He later described his time in the company as a ‘real scary eye opener’, once witnessing an irate Randle hang the diminutive comedian, Jimmy Clitheroe, by his braces from a hat peg for upsetting him. Clitheroe was somewhat luckier than the promoter Randle threatened with a loaded gun, or the one he pursued the length of North Pier when brandishing an axe.

Wild drunken rages, fights with fellow performers, insulting behaviour to those in authority – particularly theatre managers, and smashing-up dressing rooms, all became common-place.

His near-knuckle material frequently landed Randle in court and Blackpool became his regular battleground.

Throughout this time, the police would invariably be standing at the side of the auditorium waiting to catch him out. He fought a running battle with Harry Barnes, the straight-laced local Chief Constable. Well-known for removing his false teeth and throwing them into the audience, on one famous occasion, to get back at Barnes, he hired an aeroplane to bombard the Town Hall and Tower with toilet rolls.

In 1952, the Director of Public Prosecutions served eight summonses against him for performing his Central Pier season show, Randle’s Summer Scandals, before it had been licenced by the Lord Chamberlain under the Theatres Act of 1843. Twenty one amendments and deletions had been demanded before it could be staged.

Randle completely ignored the instructions, once again police officers found themselves buying tickets for a show they were taking to court. Between opening night and the eventual court hearing, an estimated 150,000 paying customers had seen the show – and not one complained.

Playing to full houses for many years earned Randle in excess of £1,000 per week.

It was when he attempted to conquer London, Randle enjoyed his least success. He had played the capital’s Alhambra in 1935 and flopped.

It took 17 years for him to return and fail again in one of Jack Hylton’s more bizarre creations. The following week however, filling a last-minute gap at the Metropolitan, Edgware Road, his brand new 1952 Scandals Show, enjoyed critical success and played to packed houses.

A long-standing friend was Irish singer, Josef Locke. Together they caroused, brawled and lost a fortune on horses, and as regulars at the old Palatine Hotel and The Dirty Duck (The Swan) in Bank Hey Street, their long liquid lunches became the stuff of legend.

Randle once demolished a theatre box office with his car, before smashing into what he claimed was a dangerously driven oncoming vehicle – which turned out to be a stationery tram. He was banned from driving for a year and fined £25.

Subsequently driven around the resort with a crate of beer on the back seat of his Rolls Royce, Randle remained on intimate terms with his solicitor, John Budd.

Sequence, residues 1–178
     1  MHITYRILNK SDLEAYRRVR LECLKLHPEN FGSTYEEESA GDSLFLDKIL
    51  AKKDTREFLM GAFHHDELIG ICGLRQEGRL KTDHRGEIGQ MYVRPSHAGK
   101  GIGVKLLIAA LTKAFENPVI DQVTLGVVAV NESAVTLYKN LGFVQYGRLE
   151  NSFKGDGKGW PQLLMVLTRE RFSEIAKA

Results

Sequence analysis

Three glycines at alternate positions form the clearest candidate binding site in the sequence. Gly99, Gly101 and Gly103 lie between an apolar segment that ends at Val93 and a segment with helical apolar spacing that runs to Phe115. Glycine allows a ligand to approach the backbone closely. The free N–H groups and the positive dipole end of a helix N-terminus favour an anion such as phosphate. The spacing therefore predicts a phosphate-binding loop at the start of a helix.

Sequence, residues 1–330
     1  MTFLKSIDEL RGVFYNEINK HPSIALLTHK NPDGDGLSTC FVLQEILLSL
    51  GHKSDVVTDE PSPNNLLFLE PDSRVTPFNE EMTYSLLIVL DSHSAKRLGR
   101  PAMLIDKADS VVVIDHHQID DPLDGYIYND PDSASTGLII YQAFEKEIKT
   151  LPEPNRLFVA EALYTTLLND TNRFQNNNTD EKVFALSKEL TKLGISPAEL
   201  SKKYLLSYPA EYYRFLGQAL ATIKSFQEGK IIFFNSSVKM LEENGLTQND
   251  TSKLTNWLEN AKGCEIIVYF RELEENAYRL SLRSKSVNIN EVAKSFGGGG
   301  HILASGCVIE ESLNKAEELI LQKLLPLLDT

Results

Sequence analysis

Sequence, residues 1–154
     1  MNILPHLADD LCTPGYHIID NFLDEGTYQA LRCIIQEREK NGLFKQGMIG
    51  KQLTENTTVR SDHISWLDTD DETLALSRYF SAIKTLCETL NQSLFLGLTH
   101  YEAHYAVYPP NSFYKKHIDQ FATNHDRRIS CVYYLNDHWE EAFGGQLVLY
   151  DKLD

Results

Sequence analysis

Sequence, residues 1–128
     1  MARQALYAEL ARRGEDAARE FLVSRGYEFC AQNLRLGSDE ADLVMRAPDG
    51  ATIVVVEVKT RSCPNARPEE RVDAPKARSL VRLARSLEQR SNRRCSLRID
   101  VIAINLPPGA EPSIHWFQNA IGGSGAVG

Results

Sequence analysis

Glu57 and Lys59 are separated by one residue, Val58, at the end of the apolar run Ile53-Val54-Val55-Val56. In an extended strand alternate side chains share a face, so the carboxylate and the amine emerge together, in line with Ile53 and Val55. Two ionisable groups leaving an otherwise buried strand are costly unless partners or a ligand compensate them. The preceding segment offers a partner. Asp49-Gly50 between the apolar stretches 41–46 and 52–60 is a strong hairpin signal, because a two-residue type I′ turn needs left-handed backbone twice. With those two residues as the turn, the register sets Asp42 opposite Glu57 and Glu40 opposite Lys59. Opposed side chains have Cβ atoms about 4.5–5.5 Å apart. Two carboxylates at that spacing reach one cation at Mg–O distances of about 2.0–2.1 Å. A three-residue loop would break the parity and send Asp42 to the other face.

Randle’s comedic approach paved the way for controversial comics such as Freddie Starr and Roy Chubby Brown. Les Dawson’s many facial contortions were clearly inspired Randle’s repertoire. It’s not too fanciful to believe had Randle been born 10 years earlier, he may well have gone on to achieve the Hollywood eminence of such as Stan Laurel or Charlie Chaplin

Having failed a medical to join the RAF at the beginning of the Second World War, he subsequently served in the Home Guard.

It was now that Randle moved into films, joining with John E Blakeley’s Mancunian Film Corporation. Operating out of a converted chapel in Dickinson Road, Rusholme, later a BBC TV studio, in all Randle made 10 highly successful films.

The best remembered are the Somewhere series made between 1940 and 1948. In the first three, Randle was joined by fellow Blackpool resident, Harry Korris, famed for his later Happidrome radio show.

While ignored by the national press, at that time Randle became a bigger cinematic draw than Errol Flynn.

Against a regular military background which subsequently became the template for ITV’s later successful Army Game series, each low budget offering consisted of a series of improvised sketches. In his final outing, It’s A Grand Life, made with Diana Dors in 1953, the plot involved a deserter who runs away in a jeep. Then just beginning to emerge as Britain’s answer to Marilyn Monroe, Dors and Randle would often be found enjoying a rather leisurely lunch at the Boars Head pub in Standish.

While Randle and his wife had no children, there was, however, allegedly an illegitimate son, Arthur Delaney. Born in 1927, his mother was a fellow stage performer, Genevieve Willis.

Alongside a fleet of top of the range cars, Randle owned a succession of luxurious homes dotted around the resort. Away from the stage, he enjoyed the high life. A huge animal lover, his many pets included a Welsh sheepdog named Betsy and a black French poodle called Fifi.

However, by the 1950s, as variety was increasingly overtaken by television, like many showbiz stars of the time, Randle was increasingly pursued by the taxman. He lost everything when, in 1955, he was declared bankrupt.

As one of variety’s greatest exponents of the comic potentiality of old age, sadly Randle would never know it himself.

Years of excess, not least his copious intake of alcohol while smoking 60 Woodbines a day, began to take their toll. Collapsing on stage at the Queen’s Theatre in November 1956, the onset of both tuberculosis and cirrhosis of the liver saw him confined for a time to Devonshire Road Sanitorium.

Attempting to make a comeback, he died on July 7, 1957. His gravestone in Carleton Cemetery is inscribed with a verse later found tucked in his wallet:

“I got nothing that I asked for,

But everything that I had hoped for,

Despite myself my prayers were answered,

I was among all men richly blessed.”